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Drs. Shang A. Loh and Apostolos K. Tassiopoulos
Custom-made stent device offers new treatment options for abdominal aortic aneurysms

Two vascular surgeons at Stony Brook University Hospital (SBUH) are the first on Long Island to successfully implant custom-made fenestrated endografts in patients with complex abdominal aortic aneurysms (AAAs). The new procedure is the latest advance in AAA treatment, enabling experienced vascular surgeons to treat patients with very complex aortic anatomy in a minimally invasive way.

Apostolos K. Tassiopoulos, MD, and Shang A. Loh, MD, performed the first fenestrated endovascular aortic aneurysm repair (FEVAR) procedures at Stony Brook in February. The tube-like stent device used for the procedure was recently approved by the Food and Drug Administration and is the most state-of-the-art device available for AAA treatment.

Fenestrated endograft placed within abdominal aortic aneurysm, showing arteries that feed kidneys through custom-tailored openings (fenestrations) in top of graft
Fenestrated aortic endografts are custom made for each individual patient's anatomy, based on reconstructions of the patient's vascular anatomy derived from CT scans, Dr. Tassiopoulos said. The FEVAR technique involves insertion of a self-expanding, fabric-covered stent inside the aneurysm, using two small groin incisions for access to arteries, to effectively exclude the aortic aneurysm from circulation. The tube-shaped stent devices contain precisely placed openings - full-circular holes and/or semi-circular scallops, called fenestrations -that allow extension of the "seal zone" above the kidney arteries, thus permitting normal blood flow to the kidneys and bowel.

FEVAR addresses a common limitation of standard endografts, allowing minimally invasive endovascular repair of AAAs located very close to the arteries supplying the kidneys. The procedure can be performed on patients with a "short neck" - indicating little or no distance between the top of the aneurysm and the arteries feeding the kidneys. An estimated 10 percent of all patients with AAA have the short neck condition and thus are not candidates for standard EVAR repair. Prior to FEVAR, their treatment options were limited, and most underwent traditional open AAA repair.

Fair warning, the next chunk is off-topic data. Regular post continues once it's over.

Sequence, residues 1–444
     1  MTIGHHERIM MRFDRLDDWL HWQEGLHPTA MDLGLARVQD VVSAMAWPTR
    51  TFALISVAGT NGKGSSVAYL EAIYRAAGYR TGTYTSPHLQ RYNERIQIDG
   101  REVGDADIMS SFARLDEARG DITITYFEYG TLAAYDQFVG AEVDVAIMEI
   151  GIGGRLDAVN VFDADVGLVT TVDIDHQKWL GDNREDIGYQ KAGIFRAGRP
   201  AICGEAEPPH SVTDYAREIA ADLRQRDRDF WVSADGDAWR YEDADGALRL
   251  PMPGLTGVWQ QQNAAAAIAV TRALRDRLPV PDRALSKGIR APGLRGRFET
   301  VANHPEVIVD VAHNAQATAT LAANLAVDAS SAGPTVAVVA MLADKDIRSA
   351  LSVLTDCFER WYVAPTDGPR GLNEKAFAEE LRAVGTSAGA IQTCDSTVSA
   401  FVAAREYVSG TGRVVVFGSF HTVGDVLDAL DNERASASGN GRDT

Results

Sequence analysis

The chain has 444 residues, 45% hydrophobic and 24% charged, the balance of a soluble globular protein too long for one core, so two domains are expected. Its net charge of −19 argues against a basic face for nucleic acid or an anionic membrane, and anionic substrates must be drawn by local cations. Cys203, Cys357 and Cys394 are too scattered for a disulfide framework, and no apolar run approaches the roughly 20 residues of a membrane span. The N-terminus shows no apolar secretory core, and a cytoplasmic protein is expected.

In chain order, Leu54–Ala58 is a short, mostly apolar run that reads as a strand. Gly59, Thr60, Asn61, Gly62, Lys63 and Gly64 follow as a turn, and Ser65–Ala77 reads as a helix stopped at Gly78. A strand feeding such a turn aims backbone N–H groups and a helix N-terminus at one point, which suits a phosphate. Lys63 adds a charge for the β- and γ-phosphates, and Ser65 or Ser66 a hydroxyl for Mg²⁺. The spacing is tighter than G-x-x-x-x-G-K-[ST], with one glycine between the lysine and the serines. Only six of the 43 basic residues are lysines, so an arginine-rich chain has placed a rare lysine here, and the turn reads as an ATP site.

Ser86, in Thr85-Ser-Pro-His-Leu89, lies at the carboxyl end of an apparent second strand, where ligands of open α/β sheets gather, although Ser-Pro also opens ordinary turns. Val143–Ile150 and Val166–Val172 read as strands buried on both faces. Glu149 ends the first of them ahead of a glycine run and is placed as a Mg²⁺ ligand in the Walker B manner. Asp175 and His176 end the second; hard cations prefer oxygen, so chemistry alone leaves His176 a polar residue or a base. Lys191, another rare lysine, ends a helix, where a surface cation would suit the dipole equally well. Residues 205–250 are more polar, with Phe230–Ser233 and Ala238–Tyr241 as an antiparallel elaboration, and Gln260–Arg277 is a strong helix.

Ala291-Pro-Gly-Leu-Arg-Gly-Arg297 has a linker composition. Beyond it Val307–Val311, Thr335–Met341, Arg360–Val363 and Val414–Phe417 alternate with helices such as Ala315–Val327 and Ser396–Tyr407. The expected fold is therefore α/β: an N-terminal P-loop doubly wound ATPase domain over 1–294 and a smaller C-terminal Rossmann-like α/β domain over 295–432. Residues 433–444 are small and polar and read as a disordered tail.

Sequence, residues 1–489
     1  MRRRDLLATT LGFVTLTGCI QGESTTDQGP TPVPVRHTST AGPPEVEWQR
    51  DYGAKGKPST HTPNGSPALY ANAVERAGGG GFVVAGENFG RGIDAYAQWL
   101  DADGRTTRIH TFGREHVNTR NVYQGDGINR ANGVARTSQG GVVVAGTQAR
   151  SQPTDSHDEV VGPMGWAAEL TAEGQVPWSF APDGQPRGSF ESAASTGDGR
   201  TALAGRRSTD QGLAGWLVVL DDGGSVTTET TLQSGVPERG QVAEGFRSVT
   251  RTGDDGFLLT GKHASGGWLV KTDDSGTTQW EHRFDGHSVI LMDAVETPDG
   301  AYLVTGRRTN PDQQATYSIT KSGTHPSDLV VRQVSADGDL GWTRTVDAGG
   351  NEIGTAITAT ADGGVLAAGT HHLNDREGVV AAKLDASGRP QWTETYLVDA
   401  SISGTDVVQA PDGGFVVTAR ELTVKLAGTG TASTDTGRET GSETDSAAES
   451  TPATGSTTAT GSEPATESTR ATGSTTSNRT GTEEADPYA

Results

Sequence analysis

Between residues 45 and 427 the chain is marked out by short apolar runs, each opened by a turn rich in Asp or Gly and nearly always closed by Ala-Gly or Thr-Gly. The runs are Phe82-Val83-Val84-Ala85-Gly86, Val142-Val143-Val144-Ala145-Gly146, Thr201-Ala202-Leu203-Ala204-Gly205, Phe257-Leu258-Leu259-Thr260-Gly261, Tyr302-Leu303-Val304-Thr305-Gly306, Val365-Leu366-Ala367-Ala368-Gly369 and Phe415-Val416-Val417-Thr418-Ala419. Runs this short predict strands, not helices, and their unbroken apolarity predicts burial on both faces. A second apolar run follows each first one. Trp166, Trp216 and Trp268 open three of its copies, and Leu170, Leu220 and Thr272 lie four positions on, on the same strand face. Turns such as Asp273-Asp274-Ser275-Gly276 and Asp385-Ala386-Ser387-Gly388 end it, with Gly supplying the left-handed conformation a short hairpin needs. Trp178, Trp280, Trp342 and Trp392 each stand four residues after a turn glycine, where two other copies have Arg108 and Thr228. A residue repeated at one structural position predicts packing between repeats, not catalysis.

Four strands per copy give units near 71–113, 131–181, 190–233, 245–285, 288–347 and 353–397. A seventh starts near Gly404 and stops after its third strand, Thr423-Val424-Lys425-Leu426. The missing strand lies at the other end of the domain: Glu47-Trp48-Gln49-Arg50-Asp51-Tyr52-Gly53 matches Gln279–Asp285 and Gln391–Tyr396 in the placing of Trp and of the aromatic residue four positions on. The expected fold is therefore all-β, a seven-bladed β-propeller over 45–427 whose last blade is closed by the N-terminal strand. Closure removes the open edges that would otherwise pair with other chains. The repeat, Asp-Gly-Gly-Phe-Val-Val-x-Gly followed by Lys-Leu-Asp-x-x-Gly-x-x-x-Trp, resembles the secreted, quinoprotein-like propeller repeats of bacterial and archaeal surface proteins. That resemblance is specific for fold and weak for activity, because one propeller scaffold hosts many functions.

Minimally invasive endovascular aortic aneurysm repair (EVAR) has revolutionized treatment of AAAs in recent years. The EVAR technique has become the preferred treatment method for most patients, including a significant number of patients who would have been turned down for a traditional open repair because of other health issues. It has significantly reduced the mortality and complication rate associated with traditional open repair of AAAs.

Dubbed the "silent killer," AAA is fatal in most cases if the aneurysm ruptures before being repaired. Therefore, early detection and repair are crucial. The condition occurs when a weak spot on the wall of the abdominal aorta balloons out-like a bulge on an overinflated tire.

An estimated one million Americans live with an undiagnosed AAA - including 20,000 in Suffolk County alone. According to the Centers for Disease Control and Prevention, AAA is more common in men and in individuals aged 65 years and older.

About Stony Brook University Hospital:
Stony Brook University Hospital (SBUH) is Long Island's premier academic medical center. With 597 beds, SBUH serves as the region's only tertiary care center and Level 1 Trauma Center, and is home to the Stony Brook Heart Institute, Stony Brook Cancer Center, Stony Brook Long Island Children's Hospital, Stony Brook Neurosciences Institute, and Stony Brook Digestive Disorders Institute. SBUH also encompasses Suffolk County's only Level 4 Regional Perinatal Center, state-designated AIDS Center, state-designated Comprehensive Psychiatric Emergency Program, state-designated Burn Center, the Christopher Pendergast ALS Center of Excellence, and Kidney Transplant Center. It is home of the nation's first Pediatric Multiple Sclerosis Center. To learn more, visit www.stonybrookmedicine.edu.
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